More recently, vitamin D has been linked to COVID-19. It’s estimated that around 80-85% of people who contract COVID-19 experience mild or no symptoms, while the rest develop severe symptoms and, even if they recover, may suffer life-altering after-effects for many months. Early data suggest that patients with low vitamin D levels are much more likely to experience those severe symptoms. There’s a plausible mechanism for this: vitamin D helps to regulate the immune system and, in particular, helps to reduce the production of cytokines.

It’s possible that having inadequate levels of vitamin D may increase your chances of a severe response to COVID-19.

Cytokines are small proteins which are important in cell signalling, but if the body starts to produce too many in response to a virus it can cause something called a cytokine storm, which can lead to organ failure and death.

It’s proposed that having the right levels of vitamin D might help to prevent such cytokine storms, and therefore help to prevent a severe COVID-19 response. This is all early stages, because everyone is still learning about COVID-19, and it may turn out to be correlation without causation, but so far it looks promising.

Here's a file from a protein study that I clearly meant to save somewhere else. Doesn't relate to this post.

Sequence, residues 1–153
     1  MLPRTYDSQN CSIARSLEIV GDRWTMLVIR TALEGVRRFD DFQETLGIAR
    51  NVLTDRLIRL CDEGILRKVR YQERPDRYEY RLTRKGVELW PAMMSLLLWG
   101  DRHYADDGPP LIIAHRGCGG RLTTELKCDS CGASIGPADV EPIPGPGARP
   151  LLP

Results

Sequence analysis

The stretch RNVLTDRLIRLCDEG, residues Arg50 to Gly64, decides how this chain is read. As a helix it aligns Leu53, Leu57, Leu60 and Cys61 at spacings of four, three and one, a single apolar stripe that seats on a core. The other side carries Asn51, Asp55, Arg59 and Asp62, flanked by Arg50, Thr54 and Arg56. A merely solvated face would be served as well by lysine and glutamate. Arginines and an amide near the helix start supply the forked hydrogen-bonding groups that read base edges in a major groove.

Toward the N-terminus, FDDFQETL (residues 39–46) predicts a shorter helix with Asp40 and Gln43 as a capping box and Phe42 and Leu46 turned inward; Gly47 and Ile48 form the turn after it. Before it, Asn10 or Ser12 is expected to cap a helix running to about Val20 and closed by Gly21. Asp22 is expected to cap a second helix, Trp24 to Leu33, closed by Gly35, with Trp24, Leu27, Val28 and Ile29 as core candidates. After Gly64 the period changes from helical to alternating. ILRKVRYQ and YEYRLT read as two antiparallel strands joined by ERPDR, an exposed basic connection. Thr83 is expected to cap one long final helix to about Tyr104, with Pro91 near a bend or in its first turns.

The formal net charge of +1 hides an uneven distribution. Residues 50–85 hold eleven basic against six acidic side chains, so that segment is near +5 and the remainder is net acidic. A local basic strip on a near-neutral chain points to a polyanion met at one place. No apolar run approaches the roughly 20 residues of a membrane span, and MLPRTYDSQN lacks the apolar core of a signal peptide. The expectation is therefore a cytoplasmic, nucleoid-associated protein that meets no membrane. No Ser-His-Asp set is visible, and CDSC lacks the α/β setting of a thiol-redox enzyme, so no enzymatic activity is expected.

One thing you many not know is that vitamin D is, technically, misnamed. Vitamins are, by definition, substances which are required in small quantities in the diet, because they can’t be synthesised in the body.

But vitamin D, which is actually a group of fat soluble molecules rather than a single substance, can be synthesised in the body, in our skin. The most important two in the group are ergocalciferol (vitamin D2) and cholecalciferol (vitamin D3), sometimes known collectively as calciferol.

Shiitake mushrooms are a good source of vitamin D2.

Vitamin D2 is found in fungi, but it’s cleared more quickly from the body than D3, so needs to be consumed in some form daily. Mushrooms are a good source (especially if they’ve been exposed to UV light), so if you like mushrooms, that’s one way to go. Vitamin D3 is hard to obtain from diet – the only really good source is oily fish, although other foods are fortified – but that’s okay because, most of the time, we don’t need to eat it.